Data, Fund Woes Slow Animal ID

US - USDA is in the final stages of crafting a business plan to better define goals and strategies for its National Animal Identification System in the midst of Congress moving to pull its funding and a cattle industry that is not embracing the program with open arms.
calendar icon 31 August 2007
clock icon 5 minute read

Bruce Knight, USDA's undersecretary of marketing and regulatory affairs, told industry leaders at the National Institute for Animal Agriculture's ID Info Expo that USDA's National Animal Identification System is now working to integrate a myriad of federal and state databases into one major animal-disease program. The problem is that most of these databases cannot mesh together and USDA is struggling with compatibility.

USDA is facing funding challenges, though. The House Agriculture Appropriations Committee removed all funding for animal identification from USDA's budget. The Senate version cut NAIS funding from $32 million to $19 million. Those two funding bills go to conference next month. Lawmakers want a business plan for how USDA is going to implement NAIS in the future. Knight said that business plan will be released within the next month and ideally it will inspire more confidence and get the animal ID funding restored.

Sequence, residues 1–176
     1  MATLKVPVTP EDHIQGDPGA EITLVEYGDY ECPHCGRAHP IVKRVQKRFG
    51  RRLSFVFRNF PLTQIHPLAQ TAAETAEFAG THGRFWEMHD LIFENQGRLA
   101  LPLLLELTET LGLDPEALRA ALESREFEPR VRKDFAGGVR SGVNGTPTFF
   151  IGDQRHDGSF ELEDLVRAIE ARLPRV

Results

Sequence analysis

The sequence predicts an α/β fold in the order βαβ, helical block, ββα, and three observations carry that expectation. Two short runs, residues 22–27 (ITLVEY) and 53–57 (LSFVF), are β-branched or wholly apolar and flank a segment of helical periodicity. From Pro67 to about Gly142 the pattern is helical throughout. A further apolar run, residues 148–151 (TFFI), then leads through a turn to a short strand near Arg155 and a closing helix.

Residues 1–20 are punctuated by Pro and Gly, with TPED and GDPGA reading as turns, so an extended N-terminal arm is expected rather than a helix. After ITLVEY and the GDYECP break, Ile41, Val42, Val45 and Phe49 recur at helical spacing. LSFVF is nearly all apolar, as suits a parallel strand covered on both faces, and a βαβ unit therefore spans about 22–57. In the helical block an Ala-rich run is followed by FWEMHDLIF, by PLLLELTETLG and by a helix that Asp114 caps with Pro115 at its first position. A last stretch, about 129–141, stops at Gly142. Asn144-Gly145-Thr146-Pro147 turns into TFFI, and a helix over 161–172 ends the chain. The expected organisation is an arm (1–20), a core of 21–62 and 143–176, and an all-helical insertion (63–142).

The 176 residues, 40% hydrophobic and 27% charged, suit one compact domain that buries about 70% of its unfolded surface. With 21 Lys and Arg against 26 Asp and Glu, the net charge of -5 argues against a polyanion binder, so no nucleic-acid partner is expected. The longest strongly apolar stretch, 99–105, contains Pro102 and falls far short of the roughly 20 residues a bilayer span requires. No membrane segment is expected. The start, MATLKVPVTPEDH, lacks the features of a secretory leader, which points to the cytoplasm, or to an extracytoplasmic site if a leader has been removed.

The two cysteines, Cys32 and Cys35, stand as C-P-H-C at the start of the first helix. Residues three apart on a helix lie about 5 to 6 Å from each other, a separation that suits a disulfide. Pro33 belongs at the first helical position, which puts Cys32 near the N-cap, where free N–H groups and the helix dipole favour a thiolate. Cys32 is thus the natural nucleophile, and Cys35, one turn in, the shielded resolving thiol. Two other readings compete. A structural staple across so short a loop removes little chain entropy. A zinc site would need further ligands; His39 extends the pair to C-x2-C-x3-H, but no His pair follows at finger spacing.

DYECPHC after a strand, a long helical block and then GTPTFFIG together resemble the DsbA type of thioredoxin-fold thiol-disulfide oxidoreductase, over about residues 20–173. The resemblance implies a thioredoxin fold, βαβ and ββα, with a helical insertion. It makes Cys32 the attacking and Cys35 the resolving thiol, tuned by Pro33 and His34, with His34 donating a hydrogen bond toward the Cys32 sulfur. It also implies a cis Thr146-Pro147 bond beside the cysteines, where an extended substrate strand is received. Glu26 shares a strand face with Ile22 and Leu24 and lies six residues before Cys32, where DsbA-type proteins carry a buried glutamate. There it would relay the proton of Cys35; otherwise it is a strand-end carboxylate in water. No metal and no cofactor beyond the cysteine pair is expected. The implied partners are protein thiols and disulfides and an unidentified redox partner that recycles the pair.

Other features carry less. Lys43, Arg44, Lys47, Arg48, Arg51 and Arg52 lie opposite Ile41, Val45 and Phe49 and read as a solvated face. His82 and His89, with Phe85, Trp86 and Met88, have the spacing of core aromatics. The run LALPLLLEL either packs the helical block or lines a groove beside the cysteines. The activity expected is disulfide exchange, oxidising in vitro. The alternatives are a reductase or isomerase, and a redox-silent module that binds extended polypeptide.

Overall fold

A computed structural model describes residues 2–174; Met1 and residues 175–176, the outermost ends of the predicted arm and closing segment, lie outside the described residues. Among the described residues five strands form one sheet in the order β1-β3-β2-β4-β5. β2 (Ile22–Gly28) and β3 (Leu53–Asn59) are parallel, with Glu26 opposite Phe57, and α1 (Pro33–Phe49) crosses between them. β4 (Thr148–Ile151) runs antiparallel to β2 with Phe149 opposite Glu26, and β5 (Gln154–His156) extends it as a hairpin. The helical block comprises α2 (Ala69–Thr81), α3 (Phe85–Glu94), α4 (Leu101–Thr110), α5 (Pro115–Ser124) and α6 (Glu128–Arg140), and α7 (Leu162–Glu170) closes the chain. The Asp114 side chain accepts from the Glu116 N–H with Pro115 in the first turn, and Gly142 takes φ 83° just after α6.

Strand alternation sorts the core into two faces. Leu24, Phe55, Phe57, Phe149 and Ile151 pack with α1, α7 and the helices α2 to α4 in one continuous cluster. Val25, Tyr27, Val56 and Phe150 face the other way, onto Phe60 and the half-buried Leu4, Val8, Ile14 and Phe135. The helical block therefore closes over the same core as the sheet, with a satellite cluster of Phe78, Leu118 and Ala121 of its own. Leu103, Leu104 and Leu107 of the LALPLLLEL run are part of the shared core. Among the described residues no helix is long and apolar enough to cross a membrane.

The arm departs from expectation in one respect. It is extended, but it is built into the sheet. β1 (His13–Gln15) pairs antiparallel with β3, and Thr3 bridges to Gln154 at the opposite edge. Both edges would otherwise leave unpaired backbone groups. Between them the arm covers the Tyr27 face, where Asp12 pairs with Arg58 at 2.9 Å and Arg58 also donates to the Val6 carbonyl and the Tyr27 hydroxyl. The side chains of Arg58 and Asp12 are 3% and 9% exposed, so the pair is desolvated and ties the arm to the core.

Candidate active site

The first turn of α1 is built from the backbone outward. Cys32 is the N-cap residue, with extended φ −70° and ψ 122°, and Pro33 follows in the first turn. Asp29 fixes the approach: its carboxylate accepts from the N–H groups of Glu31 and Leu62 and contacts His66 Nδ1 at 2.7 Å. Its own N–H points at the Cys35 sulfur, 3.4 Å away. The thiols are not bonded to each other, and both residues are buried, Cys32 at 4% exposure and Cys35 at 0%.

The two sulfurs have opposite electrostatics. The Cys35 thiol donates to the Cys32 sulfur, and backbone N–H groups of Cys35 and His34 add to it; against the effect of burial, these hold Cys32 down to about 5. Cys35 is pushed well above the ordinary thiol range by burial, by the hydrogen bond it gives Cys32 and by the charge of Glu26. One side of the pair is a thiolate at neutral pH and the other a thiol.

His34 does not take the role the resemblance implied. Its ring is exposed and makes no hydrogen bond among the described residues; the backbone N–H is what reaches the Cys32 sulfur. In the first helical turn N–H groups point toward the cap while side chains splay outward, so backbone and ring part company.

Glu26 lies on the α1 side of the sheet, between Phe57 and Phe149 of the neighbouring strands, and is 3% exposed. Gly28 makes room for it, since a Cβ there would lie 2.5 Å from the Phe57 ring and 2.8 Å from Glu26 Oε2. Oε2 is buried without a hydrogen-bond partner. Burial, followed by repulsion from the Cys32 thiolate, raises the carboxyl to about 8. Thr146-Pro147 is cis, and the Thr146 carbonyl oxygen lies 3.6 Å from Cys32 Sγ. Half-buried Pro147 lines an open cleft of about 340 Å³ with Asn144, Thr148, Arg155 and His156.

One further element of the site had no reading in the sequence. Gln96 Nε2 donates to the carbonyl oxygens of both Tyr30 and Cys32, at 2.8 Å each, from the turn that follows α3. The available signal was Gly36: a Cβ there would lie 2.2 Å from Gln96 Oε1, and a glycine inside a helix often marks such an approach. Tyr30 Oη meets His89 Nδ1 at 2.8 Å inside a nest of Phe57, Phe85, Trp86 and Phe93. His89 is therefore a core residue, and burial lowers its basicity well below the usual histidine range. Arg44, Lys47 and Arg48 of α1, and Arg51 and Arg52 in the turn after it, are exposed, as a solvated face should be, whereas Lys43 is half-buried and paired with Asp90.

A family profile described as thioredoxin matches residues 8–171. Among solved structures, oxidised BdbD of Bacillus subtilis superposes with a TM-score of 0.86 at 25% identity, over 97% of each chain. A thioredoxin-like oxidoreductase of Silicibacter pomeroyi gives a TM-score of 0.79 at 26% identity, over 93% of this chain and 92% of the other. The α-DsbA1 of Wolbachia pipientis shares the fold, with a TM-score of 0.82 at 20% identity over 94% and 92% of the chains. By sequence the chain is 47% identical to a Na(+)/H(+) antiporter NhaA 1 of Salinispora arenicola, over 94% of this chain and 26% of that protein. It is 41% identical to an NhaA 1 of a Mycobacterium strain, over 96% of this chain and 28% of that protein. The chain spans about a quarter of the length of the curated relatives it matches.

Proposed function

"I have a great deal of confidence in the business plan," Knight said. "It's a very common-sense approach."

"States that don't perform (well) will have a hard time getting cooperative agreement money in the future,"

Bruce Knight, USDA's undersecretary of marketing and regulatory affairs.

After pulling back on a push for mandatory animal ID, USDA has worked extensively with states and different groups to register farms that have livestock. Right now, about 414,000 premises are registered out of an estimated 1.4 million livestock operations nationally. That doesn't include an unknown number of smaller, backyard operations that may have a few cattle, hogs, chickens or goats.

While USDA hit its goal earlier this year of 25 percent premise registration, animal identification, particularly of cattle, remains slow to catch on. Industry guesses are that somewhere between 6 percent and 9 percent of the nation's 97-million-head-cattle herd may be source- or age-verified. That doesn't necessarily mean those animals would have individual identification, though.

Knight reminded participants of the money and time USDA has spent over the past several years eradicating some livestock diseases. Since 2002, bovine tuberculosis has cost about $130 million, which involved testing 790,000 cattle and destroying 25,000 animals. Bovine spongiform encephalopathy cost $2 billion in export markets and an enhanced testing effort cost $189 million. An outbreak of Exotic Newcastle Disease in California poultry in 2002 cost $160 million and 4 million birds were destroyed.

The goal for USDA remains 48-hour traceback of livestock in a disease outbreak. Some animal industries such as poultry and hogs are already geared up to provide quick response, though the cattle industry, in particular, has not embraced animal ID.